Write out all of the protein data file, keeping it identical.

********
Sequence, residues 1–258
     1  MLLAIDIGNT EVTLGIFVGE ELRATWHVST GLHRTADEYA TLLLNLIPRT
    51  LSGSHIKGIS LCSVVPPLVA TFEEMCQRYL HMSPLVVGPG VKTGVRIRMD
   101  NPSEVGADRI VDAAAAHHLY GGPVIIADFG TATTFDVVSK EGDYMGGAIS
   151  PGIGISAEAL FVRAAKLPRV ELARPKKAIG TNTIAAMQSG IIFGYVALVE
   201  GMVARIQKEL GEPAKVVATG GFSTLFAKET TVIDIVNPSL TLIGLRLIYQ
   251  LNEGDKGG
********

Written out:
Sequence, residues 1–258
     1  MLLAIDIGNT EVTLGIFVGE ELRATWHVST GLHRTADEYA TLLLNLIPRT
    51  LSGSHIKGIS LCSVVPPLVA TFEEMCQRYL HMSPLVVGPG VKTGVRIRMD
   101  NPSEVGADRI VDAAAAHHLY GGPVIIADFG TATTFDVVSK EGDYMGGAIS
   151  PGIGISAEAL FVRAAKLPRV ELARPKKAIG TNTIAAMQSG IIFGYVALVE
   201  GMVARIQKEL GEPAKVVATG GFSTLFAKET TVIDIVNPSL TLIGLRLIYQ
   251  LNEGDKGG